Teamsters General President Sean O'Brien speaks at a rally of Molson Coors strikers in Fort Worth, Texas on March 17, 2024 [Photo: International Brotherhood of Teamsters via Facebook]

At the beginning of March, Molson Coors workers could have been reinforced by 5,000 Teamsters striking at Anheuser-Busch. Instead, the Teamsters called off strike action a day before the contract expired and forced through a sellout contract that gave the company free rein to close breweries and destroy workers’ livelihoods.

The contract vote was a complete sham, with workers given no time to review the contract and told they would see their strike pay cut in half and lose their healthcare if they did not ratify it. Through this blatant voter intimidation, the Teamsters claimed ratification of the contract by more than 80 percent.

While the Teamsters described the contract as “historic,” it was nothing of the sort. The 23 percent average wage increase barely makes up for inflation over the past three years and keeps wages below what they were in the late 1990s, adjusted for inflation.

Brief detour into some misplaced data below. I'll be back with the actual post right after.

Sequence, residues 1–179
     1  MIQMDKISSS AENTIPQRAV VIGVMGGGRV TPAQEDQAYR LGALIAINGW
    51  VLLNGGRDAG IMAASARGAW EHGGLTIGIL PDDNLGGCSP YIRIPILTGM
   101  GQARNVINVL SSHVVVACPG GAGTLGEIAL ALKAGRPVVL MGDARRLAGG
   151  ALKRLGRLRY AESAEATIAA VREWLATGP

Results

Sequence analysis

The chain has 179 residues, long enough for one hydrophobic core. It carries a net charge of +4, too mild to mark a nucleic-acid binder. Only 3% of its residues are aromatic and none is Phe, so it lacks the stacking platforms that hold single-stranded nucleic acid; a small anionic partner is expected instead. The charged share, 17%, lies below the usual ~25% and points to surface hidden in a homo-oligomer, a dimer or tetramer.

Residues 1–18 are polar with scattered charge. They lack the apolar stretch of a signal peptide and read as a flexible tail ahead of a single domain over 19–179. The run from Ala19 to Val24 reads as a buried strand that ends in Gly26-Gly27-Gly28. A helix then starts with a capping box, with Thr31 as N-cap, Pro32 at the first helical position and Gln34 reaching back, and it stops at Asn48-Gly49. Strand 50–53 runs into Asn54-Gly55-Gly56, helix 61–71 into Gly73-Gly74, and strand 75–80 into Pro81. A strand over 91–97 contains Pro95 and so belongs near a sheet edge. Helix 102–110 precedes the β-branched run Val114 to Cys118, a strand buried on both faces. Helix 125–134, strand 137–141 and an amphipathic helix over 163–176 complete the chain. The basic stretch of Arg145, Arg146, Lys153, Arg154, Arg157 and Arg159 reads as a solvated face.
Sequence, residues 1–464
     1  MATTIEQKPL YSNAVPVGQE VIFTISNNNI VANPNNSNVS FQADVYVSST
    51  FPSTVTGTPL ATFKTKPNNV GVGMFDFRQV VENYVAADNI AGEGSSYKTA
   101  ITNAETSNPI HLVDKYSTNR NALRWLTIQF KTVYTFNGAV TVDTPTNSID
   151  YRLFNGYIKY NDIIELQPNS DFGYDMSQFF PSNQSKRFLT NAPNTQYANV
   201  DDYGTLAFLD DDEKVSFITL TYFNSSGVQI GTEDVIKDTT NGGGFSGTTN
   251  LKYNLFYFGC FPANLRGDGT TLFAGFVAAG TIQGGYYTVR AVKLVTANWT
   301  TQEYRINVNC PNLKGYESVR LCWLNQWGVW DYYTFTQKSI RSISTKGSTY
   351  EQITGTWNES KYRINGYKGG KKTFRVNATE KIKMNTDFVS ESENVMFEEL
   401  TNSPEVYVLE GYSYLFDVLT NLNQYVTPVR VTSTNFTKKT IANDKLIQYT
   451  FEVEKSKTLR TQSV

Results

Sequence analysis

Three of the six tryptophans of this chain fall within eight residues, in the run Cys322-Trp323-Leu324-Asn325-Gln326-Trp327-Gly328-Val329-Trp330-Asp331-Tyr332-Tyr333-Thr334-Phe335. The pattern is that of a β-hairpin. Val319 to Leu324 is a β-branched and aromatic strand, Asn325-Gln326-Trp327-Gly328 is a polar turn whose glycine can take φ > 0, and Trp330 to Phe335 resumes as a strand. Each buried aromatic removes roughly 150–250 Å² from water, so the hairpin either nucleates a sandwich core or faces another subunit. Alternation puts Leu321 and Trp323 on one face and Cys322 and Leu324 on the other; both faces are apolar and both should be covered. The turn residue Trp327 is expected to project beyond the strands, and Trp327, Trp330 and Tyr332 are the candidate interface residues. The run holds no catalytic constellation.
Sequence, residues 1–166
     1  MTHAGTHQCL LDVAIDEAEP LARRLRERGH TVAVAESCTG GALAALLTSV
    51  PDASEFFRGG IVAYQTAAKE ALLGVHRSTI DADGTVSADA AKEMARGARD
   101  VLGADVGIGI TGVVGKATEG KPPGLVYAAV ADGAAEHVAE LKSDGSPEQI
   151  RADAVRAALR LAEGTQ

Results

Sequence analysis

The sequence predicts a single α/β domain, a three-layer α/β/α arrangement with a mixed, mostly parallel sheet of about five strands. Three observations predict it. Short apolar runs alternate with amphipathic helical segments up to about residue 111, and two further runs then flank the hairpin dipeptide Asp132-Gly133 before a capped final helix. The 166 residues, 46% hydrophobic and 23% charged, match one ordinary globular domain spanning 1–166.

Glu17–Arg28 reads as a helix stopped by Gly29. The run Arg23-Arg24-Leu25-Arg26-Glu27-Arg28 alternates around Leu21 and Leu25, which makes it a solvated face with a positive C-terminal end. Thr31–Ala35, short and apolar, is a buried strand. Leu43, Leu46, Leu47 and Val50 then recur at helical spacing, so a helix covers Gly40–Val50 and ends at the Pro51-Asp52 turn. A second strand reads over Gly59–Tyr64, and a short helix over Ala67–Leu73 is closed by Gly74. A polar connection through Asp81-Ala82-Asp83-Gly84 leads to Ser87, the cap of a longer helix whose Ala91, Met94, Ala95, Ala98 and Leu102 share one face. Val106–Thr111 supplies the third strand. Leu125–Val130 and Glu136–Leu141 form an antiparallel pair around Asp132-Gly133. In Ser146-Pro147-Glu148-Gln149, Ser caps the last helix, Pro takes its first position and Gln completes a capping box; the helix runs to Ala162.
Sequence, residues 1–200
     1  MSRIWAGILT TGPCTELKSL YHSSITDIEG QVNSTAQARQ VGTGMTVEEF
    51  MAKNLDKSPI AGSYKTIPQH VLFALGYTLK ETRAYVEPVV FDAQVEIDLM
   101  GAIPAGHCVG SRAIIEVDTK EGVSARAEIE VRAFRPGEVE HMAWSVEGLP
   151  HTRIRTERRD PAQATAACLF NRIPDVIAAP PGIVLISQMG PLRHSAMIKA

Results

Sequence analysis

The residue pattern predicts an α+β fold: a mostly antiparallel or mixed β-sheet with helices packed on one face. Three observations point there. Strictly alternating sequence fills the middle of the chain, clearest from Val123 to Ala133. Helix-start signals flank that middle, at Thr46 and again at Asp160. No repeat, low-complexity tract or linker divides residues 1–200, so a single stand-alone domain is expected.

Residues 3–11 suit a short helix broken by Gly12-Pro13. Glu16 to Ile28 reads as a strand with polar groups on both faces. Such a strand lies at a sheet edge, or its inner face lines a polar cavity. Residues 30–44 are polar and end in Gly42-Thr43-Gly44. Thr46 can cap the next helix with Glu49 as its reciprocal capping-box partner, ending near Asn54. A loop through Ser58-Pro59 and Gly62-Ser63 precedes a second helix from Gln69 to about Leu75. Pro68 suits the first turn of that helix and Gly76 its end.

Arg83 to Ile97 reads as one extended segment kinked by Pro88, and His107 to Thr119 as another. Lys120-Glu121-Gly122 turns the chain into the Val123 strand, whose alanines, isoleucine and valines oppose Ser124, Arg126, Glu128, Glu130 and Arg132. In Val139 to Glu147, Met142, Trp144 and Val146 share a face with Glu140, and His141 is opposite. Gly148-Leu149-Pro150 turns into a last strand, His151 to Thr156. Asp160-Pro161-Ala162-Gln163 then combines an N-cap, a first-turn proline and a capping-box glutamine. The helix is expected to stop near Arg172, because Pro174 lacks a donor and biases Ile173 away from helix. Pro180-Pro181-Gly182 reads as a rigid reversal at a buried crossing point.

Significantly, the Teamsters declared that the contract would protect against job loss, but the exact opposite is the case. While the contract supposedly prevents direct layoffs, it allows the company free rein to close breweries and upend workers’ lives. Workers who lose their jobs in brewery closures will be offered a chance to relocate across the country to work as part of a “non traditional” workforce with no guarantee of equal pay. Instead of security for workers, it is providing profit security for the company.